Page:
FIG. 83 is an anatomic view of the esophagus and stomach, with portions broken away and in section, showing the location of a composite lesion pattern effective in treating GERD.

The invention may be embodied in several forms without departing from its spirit or essential characteristics. The scope of the invention is defined in the appended claims, rather than in the specific description preceding them. All embodiments that fall within the meaning and range of equivalency of the claims are therefore intended to be embraced by the claims.

DETAILED DESCRIPTION OF THE INVENTION

This Specification discloses various catheter-based systems and methods for treating dysfunction of sphincters and adjoining tissue regions in the body. The systems and methods are particularly well suited for treating these dysfunctions in the upper gastrointestinal tract, e.g., in the lower esophageal sphincter and adjacent cardia of the stomach. For this reason, the systems and methods will be described in this context.

Still, it should be appreciated that the disclosed systems and methods are applicable for use in treating other dysfunctions elsewhere in the body, which are not necessarily sphincter-related. For example, the various aspects of the invention have application in procedures requiring treatment of hemorrhoids, or incontinence, or restoring compliance to or otherwise tightening interior tissue or muscle regions. The systems and methods that embody features of the invention are also adaptable for use with systems and surgical techniques that are not necessarily catheter-based.

I. Anatomy of the Lower Esophageal Sphincter Region

As FIG. 1 shows, the esophagus 10 is a muscular tube that carries food from the mouth to the stomach 12. The muscles in the walls of the esophagus 10 contract in a wavelike manner, moving the food down to the stomach 12. The interior wall of the esophagus includes glands that secrete mucus, to aid in the movement of food by providing lubrication. The human esophagus is about twenty-five centimeters long.

The stomach 12, located in the upper left hand side of the abdomen, lays between the esophagus 10 and the small intestine 14. In people and most animals, the stomach 12 is a simple baglike organ. A human being's stomach is shaped much like a J.

The average adult stomach can hold a little over one quart (0.95 liter). The stomach 12 serves as a storage place for food. Food in the stomach 12 is discharged slowly into the intestines 14. The stomach 12 also helps digest food.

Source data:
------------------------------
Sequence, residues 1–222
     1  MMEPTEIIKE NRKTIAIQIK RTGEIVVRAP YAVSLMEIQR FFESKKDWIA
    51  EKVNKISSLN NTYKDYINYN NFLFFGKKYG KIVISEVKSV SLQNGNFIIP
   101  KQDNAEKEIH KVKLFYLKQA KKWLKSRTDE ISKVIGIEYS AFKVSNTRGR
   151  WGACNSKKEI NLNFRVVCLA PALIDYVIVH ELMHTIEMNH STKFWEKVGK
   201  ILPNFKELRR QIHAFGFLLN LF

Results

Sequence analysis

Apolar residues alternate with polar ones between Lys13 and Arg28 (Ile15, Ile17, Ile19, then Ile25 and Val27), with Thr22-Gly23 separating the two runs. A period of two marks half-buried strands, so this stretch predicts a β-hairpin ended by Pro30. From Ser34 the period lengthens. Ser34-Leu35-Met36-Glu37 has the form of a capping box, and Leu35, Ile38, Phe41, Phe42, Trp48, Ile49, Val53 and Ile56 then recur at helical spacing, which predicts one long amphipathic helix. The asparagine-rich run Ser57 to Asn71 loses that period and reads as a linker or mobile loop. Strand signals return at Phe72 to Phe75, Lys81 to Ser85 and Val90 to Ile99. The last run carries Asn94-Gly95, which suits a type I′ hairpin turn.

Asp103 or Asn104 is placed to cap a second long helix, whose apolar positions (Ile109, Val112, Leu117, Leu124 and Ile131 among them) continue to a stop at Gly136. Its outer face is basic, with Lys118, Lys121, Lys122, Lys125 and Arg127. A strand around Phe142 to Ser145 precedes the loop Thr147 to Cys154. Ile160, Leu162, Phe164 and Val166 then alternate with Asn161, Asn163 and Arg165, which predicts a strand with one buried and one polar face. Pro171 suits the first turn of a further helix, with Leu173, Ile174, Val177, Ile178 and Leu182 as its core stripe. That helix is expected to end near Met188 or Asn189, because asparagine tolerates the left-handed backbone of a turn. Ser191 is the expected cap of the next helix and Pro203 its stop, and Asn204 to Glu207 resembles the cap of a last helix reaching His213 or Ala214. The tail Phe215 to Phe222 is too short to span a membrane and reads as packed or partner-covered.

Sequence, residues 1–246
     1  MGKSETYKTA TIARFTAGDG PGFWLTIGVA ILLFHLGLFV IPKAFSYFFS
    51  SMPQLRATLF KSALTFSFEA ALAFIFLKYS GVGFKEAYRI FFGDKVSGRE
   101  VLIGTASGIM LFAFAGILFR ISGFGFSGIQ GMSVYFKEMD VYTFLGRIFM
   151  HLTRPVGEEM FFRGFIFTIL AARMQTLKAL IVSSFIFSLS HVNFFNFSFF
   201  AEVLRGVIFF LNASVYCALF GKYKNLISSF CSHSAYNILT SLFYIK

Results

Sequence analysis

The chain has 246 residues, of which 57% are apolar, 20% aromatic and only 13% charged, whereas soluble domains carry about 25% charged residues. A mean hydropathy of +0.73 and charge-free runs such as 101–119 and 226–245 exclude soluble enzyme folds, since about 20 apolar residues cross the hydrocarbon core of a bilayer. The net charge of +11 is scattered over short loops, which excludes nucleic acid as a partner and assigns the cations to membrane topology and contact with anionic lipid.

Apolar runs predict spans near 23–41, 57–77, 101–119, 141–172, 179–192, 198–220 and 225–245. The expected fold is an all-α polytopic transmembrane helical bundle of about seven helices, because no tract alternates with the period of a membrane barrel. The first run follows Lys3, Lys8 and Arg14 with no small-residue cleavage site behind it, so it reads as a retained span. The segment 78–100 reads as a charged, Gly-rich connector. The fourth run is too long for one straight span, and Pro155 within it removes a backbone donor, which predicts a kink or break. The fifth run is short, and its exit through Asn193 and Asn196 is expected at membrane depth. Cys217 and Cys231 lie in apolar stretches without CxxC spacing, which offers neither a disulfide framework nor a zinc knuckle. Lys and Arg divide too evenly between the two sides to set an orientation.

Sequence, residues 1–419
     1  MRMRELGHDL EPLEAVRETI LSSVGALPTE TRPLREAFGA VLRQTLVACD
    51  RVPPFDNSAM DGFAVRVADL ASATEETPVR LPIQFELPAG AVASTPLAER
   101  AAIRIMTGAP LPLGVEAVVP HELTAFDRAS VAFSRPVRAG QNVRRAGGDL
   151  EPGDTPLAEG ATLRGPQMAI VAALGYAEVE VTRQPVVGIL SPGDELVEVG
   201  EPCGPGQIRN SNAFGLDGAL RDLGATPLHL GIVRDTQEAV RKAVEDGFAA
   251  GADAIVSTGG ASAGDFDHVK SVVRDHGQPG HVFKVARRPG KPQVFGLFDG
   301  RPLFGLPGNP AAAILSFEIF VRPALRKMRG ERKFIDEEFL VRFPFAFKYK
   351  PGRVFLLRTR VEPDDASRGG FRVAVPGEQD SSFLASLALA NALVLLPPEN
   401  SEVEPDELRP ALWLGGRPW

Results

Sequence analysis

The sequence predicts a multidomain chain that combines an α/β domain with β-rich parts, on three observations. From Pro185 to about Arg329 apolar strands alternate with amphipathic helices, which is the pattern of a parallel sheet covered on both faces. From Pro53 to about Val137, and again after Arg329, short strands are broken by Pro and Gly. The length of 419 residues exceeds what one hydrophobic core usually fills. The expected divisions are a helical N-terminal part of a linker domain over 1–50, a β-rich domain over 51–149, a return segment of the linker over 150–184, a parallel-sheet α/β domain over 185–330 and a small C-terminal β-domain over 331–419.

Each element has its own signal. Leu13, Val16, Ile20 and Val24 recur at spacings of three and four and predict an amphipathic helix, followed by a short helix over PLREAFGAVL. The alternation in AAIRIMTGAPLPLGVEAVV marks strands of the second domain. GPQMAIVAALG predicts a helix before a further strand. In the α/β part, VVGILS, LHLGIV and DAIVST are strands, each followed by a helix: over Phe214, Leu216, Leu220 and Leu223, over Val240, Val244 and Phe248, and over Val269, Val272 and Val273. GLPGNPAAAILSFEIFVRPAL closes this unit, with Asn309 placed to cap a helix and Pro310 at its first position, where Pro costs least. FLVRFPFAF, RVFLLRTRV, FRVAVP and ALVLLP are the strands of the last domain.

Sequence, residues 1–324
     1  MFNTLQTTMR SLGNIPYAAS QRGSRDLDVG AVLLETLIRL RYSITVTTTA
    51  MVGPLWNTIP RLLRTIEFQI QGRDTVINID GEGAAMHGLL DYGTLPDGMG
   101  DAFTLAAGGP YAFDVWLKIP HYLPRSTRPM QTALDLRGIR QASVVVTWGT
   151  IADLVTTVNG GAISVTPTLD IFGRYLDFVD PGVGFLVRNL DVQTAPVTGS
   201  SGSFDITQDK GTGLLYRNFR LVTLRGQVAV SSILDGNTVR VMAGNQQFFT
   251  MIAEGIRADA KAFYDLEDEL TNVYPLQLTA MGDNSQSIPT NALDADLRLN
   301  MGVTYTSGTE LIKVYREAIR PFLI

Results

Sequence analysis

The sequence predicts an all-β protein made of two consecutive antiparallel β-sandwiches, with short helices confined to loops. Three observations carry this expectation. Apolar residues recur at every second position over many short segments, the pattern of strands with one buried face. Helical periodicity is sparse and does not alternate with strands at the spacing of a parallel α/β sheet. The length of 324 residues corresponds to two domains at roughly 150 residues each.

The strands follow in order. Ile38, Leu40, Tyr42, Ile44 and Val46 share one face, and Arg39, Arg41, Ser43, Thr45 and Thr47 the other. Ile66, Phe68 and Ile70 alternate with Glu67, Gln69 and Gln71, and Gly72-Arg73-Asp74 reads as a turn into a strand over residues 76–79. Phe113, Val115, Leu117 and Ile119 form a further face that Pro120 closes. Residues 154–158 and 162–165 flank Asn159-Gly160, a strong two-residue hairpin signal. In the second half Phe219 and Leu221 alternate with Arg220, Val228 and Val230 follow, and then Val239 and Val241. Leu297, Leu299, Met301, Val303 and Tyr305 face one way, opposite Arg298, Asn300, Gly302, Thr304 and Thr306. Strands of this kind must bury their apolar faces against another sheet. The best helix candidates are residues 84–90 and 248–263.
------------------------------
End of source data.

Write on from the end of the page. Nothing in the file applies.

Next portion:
The upper end of the stomach connects with the esophagus 10 at the cardiac notch 16, at the top of the J-shape. The muscular ring called the lower esophageal sphincter 18 surrounds the opening between the esophagus 10 and the stomach 12. The funnel-shaped region of the stomach 12 immediately adjacent to the sphincter 18 is called the cardia 20. The cardia 20 comprises smooth muscle. It is not a sphincter.

The lower esophageal sphincter 18 relaxes, or opens, to allow swallowed food to enter the stomach 12. The lower esophageal sphincter 18, however, is normally closed, to keep the stomach 12 contents from flowing back into the esophagus 10.

Another sphincter, called the pyloric sphincter 22, surrounds the duodenal opening of the stomach 12. The pyloric sphincter 22 keeps non-liquid food material in the stomach 12 until it is processed into a more flowable, liquid form. The time that the stomach 12 retains food varies. Usually, the stomach 12 empties in three to five hours.

In a person suffering from GERD, the lower esophageal sphincter 18 is subject to spontaneous relaxation. The sphincter 18 opens independent of the normal swallowing function. Acidic stomach contents surge upward into the esophagus 10, causing pain, discomfort, and damage the mucosal wall of the esophagus 10.

The stomach 12 distends to accommodate various food volumes. Over time, stomach distention can stretch the cardia 20 or otherwise cause loss of compliance in the cardia 20. Loss of compliance in the cardia 20 can also pull the lower esophageal sphincter 18 open when the stomach 12 is distended, even absent sphincter muscle relaxation. The same undesired results occur: acidic stomach contents can surge upward into the esophagus 10 with the attendant undesired consequences.

It should be noted that the views of the esophagus and stomach shown in FIG. 1 and elsewhere in the drawings are not intended to be strictly accurate in an anatomic sense. The drawings show the esophagus and stomach in somewhat diagrammatic form to demonstrate the features of the invention.

II. Systems for Sphincters or Adjoining Tissue Regions

A. System Overview

FIG. 2 shows a system 24 for diagnosing and/or treating dysfunction of the lower esophageal sphincter 18 and/or the adjoining cardia 20 of the stomach 12.